Category Archives: crossover

What is “Reasonable”?

I originally posted this on Teacher’s Education, but I’m putting it here, too, because it echos a lot of the thinking I’ve been doing here, so if you read both places, don’t be surprised if you get a feeling of déjà vu.

Each of my classes is currently engaged in a unit about public speaking. My freshmen are giving purely informational presentations – I’ve tasked them with learning about something interesting and then teaching the rest of the class about it. Since I like to do my own homework every once in a while, I’m doing this presentation with them. Mine will be about the first round of the Nuremberg Trials.

My juniors are taking on an opinion presentation – they’ve been told to format their presentation around “here’s this thing that exists, here’s what I think about it, and here’s why I think the way I do,” and my seniors are attempting an argumentative/persuasive piece – they’re crafting an presentation that asks the audience to consider – or to reconsider – a particular topic.

Each of these presentations has three requirements – they need to have visuals, they need a written component, and the kids have to speak for 3-5 minutes or (5-8 for the bigger kids). Additionally, they need to have at least three reputable sources, and they need to be organized such that the audiences can follow along, even if they’ve never had any experience with the topic in question.

I ended up in a conversation with my seniors this afternoon that intrigued me. It was a bit of an offshoot of the conversation we started on Tuesday when I brought up the concepts of ethical speech and what our responsibilities are to the words that we send out into the world. While I had planned this part of the unit to fall on this week anyway, I’m often amazed by how timely the Universe is in dropping relevant, real-world stuff into my lap at the exact time I’m teaching them in a classroom. The Arizona shooting and the conversation about rhetoric that has inspired were just such a thing, and we had a long and interesting discussion about whether or not we can (or should) link the speech of one to the action of another.

Anyway, several of the kids came to me with topics that really weren’t appropriate for argument, and I spent a while trying to get the kids to understand that I’m looking for them to tackle the kinds of issues about which reasonable people can disagree. It’s highly unlikely, I explained to one kid, that reasonable people are going to agree with what the Westboro Baptist Church does, so arguing against their right to do those things is kind of a pointless exercise. So, too, is arguing against animal rights abuses; most reasonable people would agree that it’s wrong to be cruel and abusive to animals.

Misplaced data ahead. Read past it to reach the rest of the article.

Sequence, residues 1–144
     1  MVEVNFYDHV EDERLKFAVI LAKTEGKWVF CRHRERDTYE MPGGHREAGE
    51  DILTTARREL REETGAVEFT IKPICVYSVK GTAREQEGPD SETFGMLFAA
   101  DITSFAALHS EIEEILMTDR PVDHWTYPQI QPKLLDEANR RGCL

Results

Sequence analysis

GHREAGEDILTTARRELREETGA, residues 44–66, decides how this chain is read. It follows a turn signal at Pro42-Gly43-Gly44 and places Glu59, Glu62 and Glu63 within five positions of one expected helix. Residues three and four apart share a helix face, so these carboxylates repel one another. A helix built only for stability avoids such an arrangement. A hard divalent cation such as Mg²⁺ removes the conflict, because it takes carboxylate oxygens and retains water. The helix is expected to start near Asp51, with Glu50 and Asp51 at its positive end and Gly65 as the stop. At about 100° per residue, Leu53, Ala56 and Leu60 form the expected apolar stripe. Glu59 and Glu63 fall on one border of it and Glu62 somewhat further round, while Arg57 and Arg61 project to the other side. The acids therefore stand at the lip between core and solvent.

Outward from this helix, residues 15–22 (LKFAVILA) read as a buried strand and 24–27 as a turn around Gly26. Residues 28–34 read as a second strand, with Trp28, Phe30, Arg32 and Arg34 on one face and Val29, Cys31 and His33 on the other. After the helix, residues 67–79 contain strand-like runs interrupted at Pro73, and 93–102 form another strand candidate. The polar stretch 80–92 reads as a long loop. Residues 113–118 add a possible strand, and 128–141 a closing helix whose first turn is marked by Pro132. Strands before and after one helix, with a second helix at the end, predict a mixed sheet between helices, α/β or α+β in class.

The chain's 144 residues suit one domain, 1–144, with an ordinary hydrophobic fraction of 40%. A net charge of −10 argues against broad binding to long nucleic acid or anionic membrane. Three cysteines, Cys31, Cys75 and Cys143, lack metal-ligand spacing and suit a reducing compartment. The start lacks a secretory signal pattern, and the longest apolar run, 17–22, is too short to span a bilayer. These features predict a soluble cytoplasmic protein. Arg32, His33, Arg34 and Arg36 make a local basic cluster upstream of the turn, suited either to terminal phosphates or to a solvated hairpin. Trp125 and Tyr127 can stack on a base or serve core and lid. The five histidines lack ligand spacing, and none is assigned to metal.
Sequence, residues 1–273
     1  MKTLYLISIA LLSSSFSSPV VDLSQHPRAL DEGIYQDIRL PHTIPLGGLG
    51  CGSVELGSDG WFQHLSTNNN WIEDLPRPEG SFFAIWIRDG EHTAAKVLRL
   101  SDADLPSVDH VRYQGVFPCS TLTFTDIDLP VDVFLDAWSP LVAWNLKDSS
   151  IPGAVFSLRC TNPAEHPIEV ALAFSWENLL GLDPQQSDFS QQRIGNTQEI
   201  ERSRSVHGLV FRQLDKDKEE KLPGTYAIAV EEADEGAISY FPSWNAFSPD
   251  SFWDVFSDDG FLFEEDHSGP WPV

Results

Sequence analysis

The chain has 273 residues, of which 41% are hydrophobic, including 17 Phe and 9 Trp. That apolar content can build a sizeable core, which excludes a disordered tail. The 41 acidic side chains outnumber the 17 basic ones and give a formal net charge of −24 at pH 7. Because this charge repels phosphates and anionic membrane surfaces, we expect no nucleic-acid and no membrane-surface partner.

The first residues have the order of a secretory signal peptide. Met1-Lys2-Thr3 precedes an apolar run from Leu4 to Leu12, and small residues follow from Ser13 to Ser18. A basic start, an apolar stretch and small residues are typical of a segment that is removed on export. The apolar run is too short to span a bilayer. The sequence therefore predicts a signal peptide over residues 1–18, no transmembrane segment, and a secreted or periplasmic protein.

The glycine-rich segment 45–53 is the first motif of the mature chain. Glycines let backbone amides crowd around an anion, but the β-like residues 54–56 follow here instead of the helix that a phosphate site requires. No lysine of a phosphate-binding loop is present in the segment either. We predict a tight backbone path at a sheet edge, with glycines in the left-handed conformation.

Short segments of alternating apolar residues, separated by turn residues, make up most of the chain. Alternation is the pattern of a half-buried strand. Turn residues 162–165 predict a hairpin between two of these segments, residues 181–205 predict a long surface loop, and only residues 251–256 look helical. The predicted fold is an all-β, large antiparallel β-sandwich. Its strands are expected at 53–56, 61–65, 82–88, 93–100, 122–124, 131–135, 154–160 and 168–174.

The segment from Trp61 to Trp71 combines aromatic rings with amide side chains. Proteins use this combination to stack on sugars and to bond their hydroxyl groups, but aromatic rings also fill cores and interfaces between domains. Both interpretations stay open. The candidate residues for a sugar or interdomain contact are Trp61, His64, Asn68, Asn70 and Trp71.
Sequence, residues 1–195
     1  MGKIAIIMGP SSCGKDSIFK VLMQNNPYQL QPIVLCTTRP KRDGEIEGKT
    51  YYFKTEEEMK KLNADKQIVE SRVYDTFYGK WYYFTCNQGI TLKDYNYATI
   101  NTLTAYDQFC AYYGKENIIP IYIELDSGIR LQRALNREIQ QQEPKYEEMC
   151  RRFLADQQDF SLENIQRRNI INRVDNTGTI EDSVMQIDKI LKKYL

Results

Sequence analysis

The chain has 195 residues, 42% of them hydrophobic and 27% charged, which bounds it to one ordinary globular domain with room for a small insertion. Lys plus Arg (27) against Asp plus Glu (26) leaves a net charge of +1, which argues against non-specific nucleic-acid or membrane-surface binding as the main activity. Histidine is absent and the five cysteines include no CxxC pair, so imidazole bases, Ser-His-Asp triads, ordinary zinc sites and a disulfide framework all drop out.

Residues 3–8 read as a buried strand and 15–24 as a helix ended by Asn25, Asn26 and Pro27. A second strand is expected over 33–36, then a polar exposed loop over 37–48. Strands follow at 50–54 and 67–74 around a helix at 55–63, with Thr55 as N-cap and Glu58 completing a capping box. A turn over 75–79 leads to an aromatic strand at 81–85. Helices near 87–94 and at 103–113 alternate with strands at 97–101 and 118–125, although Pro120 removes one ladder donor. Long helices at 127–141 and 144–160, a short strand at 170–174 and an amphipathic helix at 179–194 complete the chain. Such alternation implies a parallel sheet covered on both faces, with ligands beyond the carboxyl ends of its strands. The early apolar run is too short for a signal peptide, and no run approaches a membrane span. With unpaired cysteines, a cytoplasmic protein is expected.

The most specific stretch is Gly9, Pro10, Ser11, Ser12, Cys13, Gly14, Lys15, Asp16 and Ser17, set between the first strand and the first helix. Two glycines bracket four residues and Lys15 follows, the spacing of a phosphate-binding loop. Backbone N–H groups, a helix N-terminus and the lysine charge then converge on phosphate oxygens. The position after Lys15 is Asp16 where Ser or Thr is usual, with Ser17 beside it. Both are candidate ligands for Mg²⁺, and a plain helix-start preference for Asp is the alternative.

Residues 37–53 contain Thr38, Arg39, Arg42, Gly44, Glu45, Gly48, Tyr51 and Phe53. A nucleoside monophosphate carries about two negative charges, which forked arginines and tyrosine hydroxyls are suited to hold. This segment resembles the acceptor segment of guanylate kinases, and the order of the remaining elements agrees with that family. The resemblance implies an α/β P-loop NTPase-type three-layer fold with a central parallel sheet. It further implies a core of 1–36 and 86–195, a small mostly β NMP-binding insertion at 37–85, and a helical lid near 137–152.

Just about when I thought I was getting through to them, one of my (favorite) kids piped up. “Mrs. Chili,” he asked, “what does it mean to be reasonable?”

Yeah! Wow! What DOES that mean?

We spent a good long time talking about the implications of making that kind of judgment about something. How DO we determine what reasonable means? What are the criteria by which we judge that kind of person?

The answers the kids came up with both surprised and delighted me. Reasonable people, they decided, are people who, by their nature, are open-minded. They’re willing to listen to others’ ideas, but aren’t necessarily swayed by them. Reasonable people are critical thinkers and don’t just jump on the latest and greatest ideas. They don’t give a whole lot of credence to the people who are making the most noise, but are more impressed by the people who make the clearest and most compelling argument. Reasonable people take the big picture into account; a reasonable person may be willing to concede to something not-so-good in the short term to ensure a positive outcome long-term. Reasonable people are compassionate and consider the needs of others when making decisions or taking actions. Reasonable people may well be considered unreasonable by outside observers, they decided, but it’s not one’s reputation that determines one’s reasonableness; one’s behaviors, thought processes, and actions determine this (some of my kids are very sensitive to the fact that our school doesn’t yet have a very good reputation, and they take that personally). Reasonable people do not generally abide extremes, they decided, nor do reasonable people generally rely upon “faith” to make their decisions; they are more influenced by their own experiences and observations and the facts that they encounter than they are by scripture or the words of their particular flavor of clergy. Reasonable people are willing to change their minds about something when they’re presented with compelling evidence to do so.

We ended the conversation by talking about the idea put forth on a church’s message board: